Amazon’s Alexa and the associated gadgets have created a computing paradigm just as important than Windows, macOS iOS, Android, or Windows. It’s difficult to describe or pin down because it’s distributed among smart home gadgets, smart speakers, and not in monolithic screens we interact with directly.
Limp states, “We’re trying bring this ambient intelligence to places that industry seems to have forgotten.” Amazon is not trying to compete with the rest of Big Tech, but has always tried to reach places where there’s less competition. It has been able to establish a leading position in the voice assistant and smart home space through the Alexa platform.
Amazon also has drawn controversy by doing this. Smart home gadgets will have microphones, cameras and other sensors by nature. Despite the fact that the company has taken great care to protect its devices and offer strong protections, it is not easy to overcome the backlash due the nature of these products.
Limp believes that computers and sensors will be everywhere in the future, so he is trying to make sure they are built with security features. He says, “I don’t see a future in which every house doesn’t have at minimum one robot in 10 years.” “I don’t see a future in which every house doesn’t have some kind of ambient intelligence. The question then is: What can you do to ensure that you reach that future but not end up with an Orwellian, dystopic version? That means that we need to invent our own way.”
“Why wouldn’t you want your customer to test a robot if it can be built?”
Amazon’s gadgets are bold and daring. It announced last year (though it has not yet shipped) a video drone that can fly around your home. Privacy advocates will be scathing about Astro robot this year, despite its promises that it can safely store sensitive data locally.
“If you look at the entire industry, I believe it isn’t taking enough risks.” Limp wonders why you wouldn’t want customers to test a robot, if it can be built. Limp asks, “Why wouldn’t you want a customer to try a Glow to see if it resonates with grandparents or parents that are on deployment or anywhere else they might be.”
Amazon is in a difficult position. It’s creating an ambient computing platform that’s diffused and hard to pinpoint. But the things that we legitimately demand from computing platforms, such as privacy, security and accountability, require specific and clear answers. While Amazon may have the answers to most privacy questions on paper, the ones we don’t know how to ask are the most concerning.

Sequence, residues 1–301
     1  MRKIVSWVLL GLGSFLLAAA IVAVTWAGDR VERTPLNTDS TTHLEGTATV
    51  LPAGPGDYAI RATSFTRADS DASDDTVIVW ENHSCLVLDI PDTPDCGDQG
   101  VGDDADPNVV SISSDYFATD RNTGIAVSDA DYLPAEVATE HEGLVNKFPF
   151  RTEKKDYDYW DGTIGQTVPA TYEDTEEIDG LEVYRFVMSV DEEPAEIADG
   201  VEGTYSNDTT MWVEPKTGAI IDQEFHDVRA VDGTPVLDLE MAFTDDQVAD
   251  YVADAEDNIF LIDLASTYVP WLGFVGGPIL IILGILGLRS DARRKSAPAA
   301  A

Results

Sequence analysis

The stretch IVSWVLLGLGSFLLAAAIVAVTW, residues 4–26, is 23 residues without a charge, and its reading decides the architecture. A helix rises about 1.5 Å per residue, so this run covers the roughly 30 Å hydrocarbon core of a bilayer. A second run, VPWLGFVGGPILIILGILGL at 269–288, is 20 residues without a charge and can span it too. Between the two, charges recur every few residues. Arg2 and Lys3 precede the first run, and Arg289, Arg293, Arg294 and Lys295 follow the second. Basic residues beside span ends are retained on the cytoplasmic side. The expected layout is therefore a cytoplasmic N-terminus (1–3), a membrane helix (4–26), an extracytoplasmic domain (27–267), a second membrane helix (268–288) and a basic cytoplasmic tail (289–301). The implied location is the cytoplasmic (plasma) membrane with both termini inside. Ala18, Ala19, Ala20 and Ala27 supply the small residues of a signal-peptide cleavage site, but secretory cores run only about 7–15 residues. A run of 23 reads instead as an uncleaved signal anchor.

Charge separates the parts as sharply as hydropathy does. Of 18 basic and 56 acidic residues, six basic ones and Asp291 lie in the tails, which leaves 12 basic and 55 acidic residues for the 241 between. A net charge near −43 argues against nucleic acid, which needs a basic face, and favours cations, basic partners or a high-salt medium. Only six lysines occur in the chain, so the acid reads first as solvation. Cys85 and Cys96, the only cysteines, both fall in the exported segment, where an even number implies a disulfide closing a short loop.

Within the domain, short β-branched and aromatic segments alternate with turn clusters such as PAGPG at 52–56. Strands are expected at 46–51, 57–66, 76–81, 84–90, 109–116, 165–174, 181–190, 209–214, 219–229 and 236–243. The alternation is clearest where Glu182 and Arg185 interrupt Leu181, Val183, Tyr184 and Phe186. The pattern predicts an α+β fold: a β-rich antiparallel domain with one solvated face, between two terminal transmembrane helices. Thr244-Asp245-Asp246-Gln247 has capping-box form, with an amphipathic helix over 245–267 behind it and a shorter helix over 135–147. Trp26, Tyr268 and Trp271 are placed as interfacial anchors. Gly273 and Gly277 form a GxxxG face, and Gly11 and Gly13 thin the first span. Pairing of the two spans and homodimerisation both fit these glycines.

Platforms can also be used to help others build on them. Platforms should be able to create an environment of success that allows other companies to start businesses. Amazon is certainly doing that, given the explosion of smart home devices.
Amazon’s platform is primarily about convenience and consumption. Alexa can set timers or answer questions. It also plays music. Home security is a good thing, but you also have Prime TV, Amazon Music and Kids Plus content.
All of this is underpinned by the fact that Amazon makes this platform possible via the most Amazonian medium: retail. Amazon is building the future of ambient computing with smart cameras and speakers, robots as well as picture frames, lightbulbs, robots, and other gadgets. We are just beginning to consider the social implications of smartphones. Now, we have robots and teleconference boards for children. It’s happening fast.
Amazon’s ambient intelligence platform succeeds because it is less restricted by the computing paradigms from the past. It has made our homes more intelligent and our lives easier. It can do so much for us, but now we have to wonder what we will be able do with it.